Administration Dodges Questions on Obama’s Ocean Zoning Plan, Witnesses Begrudge Lack of Public Participation, Potential Implications


WASHINGTON, D.C., October 26, 2011 - Today, the Natural Resources Committee held the second oversight hearing in a series on, “The President’s New National Ocean Policy - A Plan for Further Restrictions on Ocean, Coastal and Inland Activities.” At the hearing, Members questioned the Administration about President Obama’s Executive Order 13547 that imposed a mandatory ocean zoning initiative. A second panel of witnesses consisted of stakeholders concerned with the potential job and economic implications of the Executive Order.

“Instead of getting input and statutory authorization from Congress, the Obama Administration has decided that the President’s signature alone is all that’s needed to make major changes to policies governing ocean activities and to create a huge new bureaucracy that will change the way inland, ocean and coastal activities will be managed. This could cost jobs and have devastating long-term economic impacts throughout the country. The Administration can and should require executive agencies to work in a more coordinated manner where ocean jurisdictions overlap. It is also clear that executive agencies with ocean jurisdiction should share information and reduce duplication between Federal agency actions. This would save money and could be supported by all of us. Yet, in addition to the lack of statutory authority, there are numerous other concerns and questions about the impacts of the Administration’s initiative that have still not been answered,” said Chairman Doc Hastings (WA-04).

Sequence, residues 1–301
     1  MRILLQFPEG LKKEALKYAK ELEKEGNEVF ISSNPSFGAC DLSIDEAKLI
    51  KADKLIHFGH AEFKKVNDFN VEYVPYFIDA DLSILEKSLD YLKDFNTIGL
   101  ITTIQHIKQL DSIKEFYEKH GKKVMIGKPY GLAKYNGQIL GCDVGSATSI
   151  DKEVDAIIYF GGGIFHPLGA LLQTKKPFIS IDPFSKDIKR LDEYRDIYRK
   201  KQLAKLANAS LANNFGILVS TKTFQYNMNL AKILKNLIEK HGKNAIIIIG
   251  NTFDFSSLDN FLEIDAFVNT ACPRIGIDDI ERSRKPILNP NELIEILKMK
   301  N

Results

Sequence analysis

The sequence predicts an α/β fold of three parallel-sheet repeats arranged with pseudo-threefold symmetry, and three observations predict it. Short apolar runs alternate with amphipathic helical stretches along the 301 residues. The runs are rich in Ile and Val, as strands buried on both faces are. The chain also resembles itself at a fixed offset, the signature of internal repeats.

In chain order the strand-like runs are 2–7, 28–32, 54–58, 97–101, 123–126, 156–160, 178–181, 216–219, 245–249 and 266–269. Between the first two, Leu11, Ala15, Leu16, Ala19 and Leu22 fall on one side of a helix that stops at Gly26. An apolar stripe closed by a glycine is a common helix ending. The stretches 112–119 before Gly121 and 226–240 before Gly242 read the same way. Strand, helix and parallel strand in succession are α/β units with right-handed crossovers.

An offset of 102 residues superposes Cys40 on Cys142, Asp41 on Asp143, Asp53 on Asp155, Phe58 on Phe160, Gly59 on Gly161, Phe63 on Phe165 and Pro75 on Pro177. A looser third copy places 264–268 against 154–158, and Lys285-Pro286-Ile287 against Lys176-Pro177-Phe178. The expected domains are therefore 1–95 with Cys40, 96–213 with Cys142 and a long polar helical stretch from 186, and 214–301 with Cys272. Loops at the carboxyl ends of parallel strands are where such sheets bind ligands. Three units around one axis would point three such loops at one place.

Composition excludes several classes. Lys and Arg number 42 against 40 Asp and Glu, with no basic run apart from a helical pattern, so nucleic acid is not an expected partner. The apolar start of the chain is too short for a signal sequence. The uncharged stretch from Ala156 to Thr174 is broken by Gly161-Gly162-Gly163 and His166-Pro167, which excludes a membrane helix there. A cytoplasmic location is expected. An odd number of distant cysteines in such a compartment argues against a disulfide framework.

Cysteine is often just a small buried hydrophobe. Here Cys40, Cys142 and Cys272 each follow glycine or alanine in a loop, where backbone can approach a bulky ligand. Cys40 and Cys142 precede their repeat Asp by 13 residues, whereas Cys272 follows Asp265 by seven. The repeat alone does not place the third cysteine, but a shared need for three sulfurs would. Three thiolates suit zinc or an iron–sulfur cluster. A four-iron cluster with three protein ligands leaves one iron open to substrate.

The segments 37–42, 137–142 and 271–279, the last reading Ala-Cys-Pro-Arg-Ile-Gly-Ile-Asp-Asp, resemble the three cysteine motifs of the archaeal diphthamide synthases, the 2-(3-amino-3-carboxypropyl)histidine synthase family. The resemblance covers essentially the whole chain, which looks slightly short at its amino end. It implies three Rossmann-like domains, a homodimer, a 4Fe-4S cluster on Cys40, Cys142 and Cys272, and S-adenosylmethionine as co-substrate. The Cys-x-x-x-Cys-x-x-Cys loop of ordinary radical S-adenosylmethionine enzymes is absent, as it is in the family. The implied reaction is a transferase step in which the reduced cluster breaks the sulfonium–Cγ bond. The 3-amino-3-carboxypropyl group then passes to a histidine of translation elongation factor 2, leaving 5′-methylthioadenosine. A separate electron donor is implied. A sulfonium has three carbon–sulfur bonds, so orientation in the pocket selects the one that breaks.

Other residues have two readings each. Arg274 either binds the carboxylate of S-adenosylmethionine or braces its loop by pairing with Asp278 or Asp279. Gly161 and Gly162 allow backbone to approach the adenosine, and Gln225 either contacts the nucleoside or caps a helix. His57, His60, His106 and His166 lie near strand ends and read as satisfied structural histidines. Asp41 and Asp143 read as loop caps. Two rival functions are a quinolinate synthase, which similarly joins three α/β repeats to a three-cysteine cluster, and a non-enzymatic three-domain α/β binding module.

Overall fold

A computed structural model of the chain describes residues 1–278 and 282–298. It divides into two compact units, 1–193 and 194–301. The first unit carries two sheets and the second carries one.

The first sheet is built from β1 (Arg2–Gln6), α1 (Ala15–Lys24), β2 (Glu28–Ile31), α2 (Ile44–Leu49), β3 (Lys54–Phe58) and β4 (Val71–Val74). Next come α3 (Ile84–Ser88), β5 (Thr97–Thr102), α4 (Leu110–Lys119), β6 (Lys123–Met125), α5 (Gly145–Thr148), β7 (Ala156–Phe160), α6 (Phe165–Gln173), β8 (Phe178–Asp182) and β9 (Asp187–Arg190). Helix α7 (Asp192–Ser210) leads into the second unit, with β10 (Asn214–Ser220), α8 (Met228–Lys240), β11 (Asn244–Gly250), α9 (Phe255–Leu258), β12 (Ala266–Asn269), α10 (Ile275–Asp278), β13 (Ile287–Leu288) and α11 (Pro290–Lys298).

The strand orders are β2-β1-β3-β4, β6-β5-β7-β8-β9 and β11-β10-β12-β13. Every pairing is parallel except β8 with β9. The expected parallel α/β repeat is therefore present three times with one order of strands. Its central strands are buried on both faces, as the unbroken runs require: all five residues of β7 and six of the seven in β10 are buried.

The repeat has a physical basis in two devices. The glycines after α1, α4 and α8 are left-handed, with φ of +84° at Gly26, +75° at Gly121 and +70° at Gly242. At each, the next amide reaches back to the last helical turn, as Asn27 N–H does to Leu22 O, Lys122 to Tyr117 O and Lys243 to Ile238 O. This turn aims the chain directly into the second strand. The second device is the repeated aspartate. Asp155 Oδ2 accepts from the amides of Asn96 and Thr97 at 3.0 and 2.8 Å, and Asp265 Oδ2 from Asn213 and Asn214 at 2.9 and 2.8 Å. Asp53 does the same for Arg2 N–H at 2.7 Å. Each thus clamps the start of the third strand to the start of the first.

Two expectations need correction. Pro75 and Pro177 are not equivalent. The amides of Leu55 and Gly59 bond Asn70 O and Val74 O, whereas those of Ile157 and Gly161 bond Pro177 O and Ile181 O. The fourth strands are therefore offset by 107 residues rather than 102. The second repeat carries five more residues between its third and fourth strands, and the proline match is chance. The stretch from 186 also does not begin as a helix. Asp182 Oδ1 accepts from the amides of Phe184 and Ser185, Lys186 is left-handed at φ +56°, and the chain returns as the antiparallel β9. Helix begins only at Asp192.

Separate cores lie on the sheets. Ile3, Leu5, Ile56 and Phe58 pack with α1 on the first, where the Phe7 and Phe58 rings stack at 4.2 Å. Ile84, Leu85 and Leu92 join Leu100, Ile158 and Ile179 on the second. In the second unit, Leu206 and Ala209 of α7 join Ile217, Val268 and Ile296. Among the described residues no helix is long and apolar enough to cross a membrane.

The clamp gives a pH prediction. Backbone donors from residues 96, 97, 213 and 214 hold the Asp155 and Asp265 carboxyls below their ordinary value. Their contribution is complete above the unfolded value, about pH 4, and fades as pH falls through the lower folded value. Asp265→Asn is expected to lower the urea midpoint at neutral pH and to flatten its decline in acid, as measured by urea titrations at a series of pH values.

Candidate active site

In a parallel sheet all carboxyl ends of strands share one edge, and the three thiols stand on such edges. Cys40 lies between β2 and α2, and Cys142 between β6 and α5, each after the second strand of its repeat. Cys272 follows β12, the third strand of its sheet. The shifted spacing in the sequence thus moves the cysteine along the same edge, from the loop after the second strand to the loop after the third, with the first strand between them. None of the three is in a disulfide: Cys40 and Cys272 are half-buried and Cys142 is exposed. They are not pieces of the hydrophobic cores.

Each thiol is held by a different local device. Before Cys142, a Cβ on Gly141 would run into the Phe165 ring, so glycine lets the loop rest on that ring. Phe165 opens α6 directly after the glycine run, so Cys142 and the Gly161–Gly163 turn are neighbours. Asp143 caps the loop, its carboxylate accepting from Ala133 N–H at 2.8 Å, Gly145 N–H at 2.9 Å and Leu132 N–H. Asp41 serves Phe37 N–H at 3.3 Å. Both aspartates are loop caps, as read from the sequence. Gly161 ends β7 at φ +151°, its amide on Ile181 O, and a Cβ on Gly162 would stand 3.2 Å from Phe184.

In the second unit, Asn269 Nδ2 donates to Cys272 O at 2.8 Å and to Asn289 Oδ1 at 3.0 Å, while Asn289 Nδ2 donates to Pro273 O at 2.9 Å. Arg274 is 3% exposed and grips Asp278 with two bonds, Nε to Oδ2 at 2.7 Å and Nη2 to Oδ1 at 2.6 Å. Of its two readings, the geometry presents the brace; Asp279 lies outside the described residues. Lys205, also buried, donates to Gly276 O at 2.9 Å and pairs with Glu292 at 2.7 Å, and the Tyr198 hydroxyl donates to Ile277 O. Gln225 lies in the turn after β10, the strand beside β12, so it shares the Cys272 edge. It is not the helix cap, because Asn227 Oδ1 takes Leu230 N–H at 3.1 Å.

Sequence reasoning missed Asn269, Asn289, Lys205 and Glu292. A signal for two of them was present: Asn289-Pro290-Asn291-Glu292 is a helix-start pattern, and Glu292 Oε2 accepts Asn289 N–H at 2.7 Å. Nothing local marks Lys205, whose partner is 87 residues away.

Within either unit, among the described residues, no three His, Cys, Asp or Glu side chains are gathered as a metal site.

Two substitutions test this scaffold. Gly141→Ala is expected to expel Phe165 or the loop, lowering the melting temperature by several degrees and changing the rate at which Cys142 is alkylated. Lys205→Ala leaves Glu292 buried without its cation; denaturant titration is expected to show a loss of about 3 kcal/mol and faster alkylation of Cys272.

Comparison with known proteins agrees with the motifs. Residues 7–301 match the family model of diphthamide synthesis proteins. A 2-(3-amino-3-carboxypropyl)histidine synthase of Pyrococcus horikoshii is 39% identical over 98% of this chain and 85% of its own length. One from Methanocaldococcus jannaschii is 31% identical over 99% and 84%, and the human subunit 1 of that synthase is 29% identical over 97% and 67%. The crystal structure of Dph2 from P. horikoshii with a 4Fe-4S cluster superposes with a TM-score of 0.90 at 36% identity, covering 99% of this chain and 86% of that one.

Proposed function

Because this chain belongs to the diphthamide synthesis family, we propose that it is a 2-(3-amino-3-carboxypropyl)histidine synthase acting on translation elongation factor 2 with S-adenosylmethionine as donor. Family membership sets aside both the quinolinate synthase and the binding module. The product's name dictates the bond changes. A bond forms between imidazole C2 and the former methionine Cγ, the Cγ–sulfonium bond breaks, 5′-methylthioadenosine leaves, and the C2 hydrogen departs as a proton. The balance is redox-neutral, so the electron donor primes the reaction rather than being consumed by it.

Despite repeated requests by the Committee for the Administration to reveal what funds have been expended for this new National Ocean Policy, and to identify the specific statutory authorization that allows the Obama Administration to establish Regional Planning Bodies as well as implement mandatory ocean zoning, the information was again not provided.

At the hearing, the Administration continued to tout the mandatory ocean zoning initiative as a bottom-up, transparent process. Nancy Sutley, Chair of the U.S. Council on Environmental Quality and Co-Chair of the National Ocean Council, stated in her testimony, “The National Ocean Policy also brings a broad range of stakeholders to the table to foster communication and transparency and better plan for the future.”However, during questioning, Administration witnesses admitted that the nine Regional Planning Bodies and Governance Coordinating Committee created by the Executive Order are exempt from the Federal Advisory Committee Act – the very statute that requires transparency and public involvement in dealings with Federal agencies.

Randall Luthi, President of the National Ocean Industries Association, testified on the lack of public involvement in the planning process. “NOIA supports the concept of a national ocean policy, but believes that the present policy embodied in EO 13547 has been lacking in meaningful stakeholder involvement both in its development and implementation.”According the Luthi, additional bureaucratic layers will only increase regulatory uncertainty, killing jobs and economic viability: “NOIA believes there are ample policy and statutory tools to ensure that ocean resources are conserved and protected and that potential conflicts are managed without imposing a cumbersome new layer of federal bureaucracy upon an already time intensive and uncertain regulatory process. We believe it is difficult to move ahead with a process such as this while also expecting that companies are going to be in the position to restore lost jobs and add new ones.”

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